Monthly Archives: February 2016

NetNewsWire for IPhone

I have known about NetNewsWire (NNW) even before I started using a Mac in 2005.

I know that many people swear by it. I kept holding off installing and trying NNW out, and make do with first Safari’s and then Apple Mail’s RSS component. I hated Mail’s RSS even more than Safari’s, in part because it adds even more complexity to my elaborate mess of mailboxes, so finally got to try NNW. From the first time I launched the app I was hooked. I love the integration with NewsGator server (and later the syncing with NNW for iPhone). I love the three pane + sidebar interface. I love NNW’s implementation of tabbed browsing, probably more than Safari’s. I love the layout of the menu, the toolbar and the shortcut keys. It’s also rock solid, it has never(!!) crashed on me during my 6 months or so of using it. The appearance of NNW for iPhone just sweetens the deal for me. I understand there are other iPhone RSS which are more attractive, but the integration of both NNW versions becomes the sole consideration for me. Now I, too, swear by NetNewsWire and it’s iPhone companion. They are free, but I would have paid for them.

PagePlus X2

Serif Software’s desktop publishing software, called PagePlus, is a wonderful replacement for expensive programs like Adobe PageMaker or InDesign.

It’s extremely easy to use and can be used for printed documents, online documents or PDFs, websites and even emails. The newest version is certified for Windows Vista, and includes all kinds of Vista-related features, like Live Searching and Document Previews. (If you don’t have Vista, don’t worry. It still works great with Windows 2000 and XP.) Their premium edition costs only $130, a steal compared to most desktop publishing software, which can run up to $700 or higher. They also provide a free version that is not as powerful, but isn’t “just a trial version” either. Both versions are great all kinds of graphic design projects for home, schools, and clubs.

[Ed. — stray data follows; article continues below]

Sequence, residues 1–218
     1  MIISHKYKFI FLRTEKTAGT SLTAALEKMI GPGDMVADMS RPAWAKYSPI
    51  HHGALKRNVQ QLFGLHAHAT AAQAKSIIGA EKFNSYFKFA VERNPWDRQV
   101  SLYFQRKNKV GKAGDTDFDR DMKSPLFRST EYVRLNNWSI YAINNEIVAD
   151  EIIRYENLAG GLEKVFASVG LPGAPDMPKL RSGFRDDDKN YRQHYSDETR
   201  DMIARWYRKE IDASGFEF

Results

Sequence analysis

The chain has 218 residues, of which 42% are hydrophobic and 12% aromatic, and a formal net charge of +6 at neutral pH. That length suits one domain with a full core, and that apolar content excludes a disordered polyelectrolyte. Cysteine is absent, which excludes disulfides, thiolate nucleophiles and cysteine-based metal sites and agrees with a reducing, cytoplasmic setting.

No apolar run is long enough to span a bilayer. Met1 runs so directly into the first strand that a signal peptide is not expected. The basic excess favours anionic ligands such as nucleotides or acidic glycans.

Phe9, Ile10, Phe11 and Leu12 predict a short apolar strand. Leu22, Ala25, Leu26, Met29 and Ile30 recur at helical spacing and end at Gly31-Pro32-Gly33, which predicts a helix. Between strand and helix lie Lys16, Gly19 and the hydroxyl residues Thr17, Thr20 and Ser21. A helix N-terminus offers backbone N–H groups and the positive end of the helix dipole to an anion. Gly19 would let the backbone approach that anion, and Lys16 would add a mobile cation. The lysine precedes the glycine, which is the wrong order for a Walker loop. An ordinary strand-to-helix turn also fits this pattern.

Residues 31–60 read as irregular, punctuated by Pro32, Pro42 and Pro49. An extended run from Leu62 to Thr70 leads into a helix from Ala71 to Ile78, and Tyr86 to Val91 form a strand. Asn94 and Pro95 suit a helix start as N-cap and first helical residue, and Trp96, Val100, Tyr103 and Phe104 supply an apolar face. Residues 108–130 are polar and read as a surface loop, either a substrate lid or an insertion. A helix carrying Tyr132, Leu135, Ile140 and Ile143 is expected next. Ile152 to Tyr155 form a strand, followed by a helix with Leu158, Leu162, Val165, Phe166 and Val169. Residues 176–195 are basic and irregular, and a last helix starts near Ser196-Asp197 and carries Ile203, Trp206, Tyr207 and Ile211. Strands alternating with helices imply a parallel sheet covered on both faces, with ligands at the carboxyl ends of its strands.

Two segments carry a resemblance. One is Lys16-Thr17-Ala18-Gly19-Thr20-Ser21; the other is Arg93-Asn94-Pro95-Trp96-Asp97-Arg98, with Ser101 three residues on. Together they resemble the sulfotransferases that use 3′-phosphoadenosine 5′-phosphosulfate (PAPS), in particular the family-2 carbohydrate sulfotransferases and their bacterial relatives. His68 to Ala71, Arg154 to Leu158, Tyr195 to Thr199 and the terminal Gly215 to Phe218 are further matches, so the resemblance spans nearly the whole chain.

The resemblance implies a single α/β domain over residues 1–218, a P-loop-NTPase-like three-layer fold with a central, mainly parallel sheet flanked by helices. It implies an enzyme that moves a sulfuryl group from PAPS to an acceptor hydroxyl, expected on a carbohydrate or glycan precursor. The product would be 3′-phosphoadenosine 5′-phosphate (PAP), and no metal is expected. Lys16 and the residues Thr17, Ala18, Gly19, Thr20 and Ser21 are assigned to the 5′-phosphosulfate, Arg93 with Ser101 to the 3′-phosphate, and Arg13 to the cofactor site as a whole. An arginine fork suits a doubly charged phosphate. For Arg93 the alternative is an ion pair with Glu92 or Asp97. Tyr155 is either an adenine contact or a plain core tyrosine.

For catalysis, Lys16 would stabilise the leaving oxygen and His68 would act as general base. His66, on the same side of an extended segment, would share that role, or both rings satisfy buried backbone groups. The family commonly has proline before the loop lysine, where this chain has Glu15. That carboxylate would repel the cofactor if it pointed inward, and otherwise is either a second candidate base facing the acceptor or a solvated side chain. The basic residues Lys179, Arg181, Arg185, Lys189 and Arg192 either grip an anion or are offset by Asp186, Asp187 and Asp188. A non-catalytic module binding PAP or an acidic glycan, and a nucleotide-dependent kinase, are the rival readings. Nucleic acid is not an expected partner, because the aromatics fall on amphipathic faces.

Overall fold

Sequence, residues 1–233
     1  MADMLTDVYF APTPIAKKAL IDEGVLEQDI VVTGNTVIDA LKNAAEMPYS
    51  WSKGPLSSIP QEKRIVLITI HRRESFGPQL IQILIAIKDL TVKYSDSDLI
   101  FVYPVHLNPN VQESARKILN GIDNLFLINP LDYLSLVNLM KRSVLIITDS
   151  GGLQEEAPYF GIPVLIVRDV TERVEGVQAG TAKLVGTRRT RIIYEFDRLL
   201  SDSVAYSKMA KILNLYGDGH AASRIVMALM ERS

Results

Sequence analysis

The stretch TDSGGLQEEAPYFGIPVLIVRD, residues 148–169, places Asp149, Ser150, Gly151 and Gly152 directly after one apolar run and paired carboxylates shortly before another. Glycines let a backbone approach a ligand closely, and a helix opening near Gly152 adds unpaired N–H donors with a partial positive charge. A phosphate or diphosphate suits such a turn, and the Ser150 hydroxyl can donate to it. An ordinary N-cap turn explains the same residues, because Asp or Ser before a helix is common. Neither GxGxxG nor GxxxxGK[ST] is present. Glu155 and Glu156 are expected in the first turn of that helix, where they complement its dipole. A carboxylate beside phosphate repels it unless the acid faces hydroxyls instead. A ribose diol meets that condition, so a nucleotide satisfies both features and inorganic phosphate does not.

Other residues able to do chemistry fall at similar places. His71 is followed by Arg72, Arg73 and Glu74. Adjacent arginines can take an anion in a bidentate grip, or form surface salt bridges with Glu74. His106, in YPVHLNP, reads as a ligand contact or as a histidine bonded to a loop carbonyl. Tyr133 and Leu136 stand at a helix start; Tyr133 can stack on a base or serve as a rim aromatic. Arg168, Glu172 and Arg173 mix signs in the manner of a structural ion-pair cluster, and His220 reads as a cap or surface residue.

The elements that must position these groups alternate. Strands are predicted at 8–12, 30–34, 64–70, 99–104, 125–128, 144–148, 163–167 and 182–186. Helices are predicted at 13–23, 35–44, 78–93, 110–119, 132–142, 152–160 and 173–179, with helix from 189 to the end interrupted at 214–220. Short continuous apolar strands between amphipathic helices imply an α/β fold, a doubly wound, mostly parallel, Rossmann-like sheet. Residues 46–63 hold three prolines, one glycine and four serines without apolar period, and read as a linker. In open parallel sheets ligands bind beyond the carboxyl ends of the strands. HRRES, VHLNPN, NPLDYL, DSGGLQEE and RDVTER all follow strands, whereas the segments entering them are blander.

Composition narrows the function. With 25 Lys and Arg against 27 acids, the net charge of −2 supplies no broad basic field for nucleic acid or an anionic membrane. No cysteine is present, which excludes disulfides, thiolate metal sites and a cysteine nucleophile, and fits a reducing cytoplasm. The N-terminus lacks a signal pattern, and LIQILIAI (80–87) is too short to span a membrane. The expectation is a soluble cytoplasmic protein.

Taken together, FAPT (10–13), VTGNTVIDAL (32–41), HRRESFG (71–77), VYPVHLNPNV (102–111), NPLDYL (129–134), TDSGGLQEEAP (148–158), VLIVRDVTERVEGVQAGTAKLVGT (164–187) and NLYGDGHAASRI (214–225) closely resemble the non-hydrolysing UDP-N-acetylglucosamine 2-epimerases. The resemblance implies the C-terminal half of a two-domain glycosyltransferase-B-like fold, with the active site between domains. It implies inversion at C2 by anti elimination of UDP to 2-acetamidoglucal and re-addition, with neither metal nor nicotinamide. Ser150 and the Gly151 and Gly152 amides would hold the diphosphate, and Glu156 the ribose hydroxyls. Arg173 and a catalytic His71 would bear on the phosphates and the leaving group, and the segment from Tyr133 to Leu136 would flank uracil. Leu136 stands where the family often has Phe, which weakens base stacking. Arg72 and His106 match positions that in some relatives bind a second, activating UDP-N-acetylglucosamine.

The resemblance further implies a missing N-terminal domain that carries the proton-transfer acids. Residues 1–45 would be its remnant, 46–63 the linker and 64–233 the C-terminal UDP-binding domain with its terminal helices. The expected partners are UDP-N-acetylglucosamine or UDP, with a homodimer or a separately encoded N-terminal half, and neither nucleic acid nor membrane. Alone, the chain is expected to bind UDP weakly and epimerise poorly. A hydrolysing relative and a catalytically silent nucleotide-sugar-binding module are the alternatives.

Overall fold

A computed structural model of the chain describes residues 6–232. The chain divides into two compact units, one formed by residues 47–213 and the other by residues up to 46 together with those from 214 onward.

Since 2005, many BMW vehicles have featured iDrive, a video screen based control for entertainment (radio, CD, satellite); communications (blue tooth enabled cell phone link); navigation (GPS); and car data (maintenance schedule, mileage tracking, personal comfort controls).

The video screen is integrated into the center of the dashboard and is controlled by a turn knob immediately adjacent to the driver’s right hand side seat. The technology was widely criticized by BMW enthusiasts (typically middle aged and older men who like the BMW brand for its legendary handling and steering). The Microsoft Windows themed control does take time to learn — which you should not try to learn while you are driving. However, it is worth the effort. The video screen system allows for a substantial increase in driver choices than would be possible with only mechanical controls. BMW iDrive is a solid compliment to the Ultimate Driving Machine.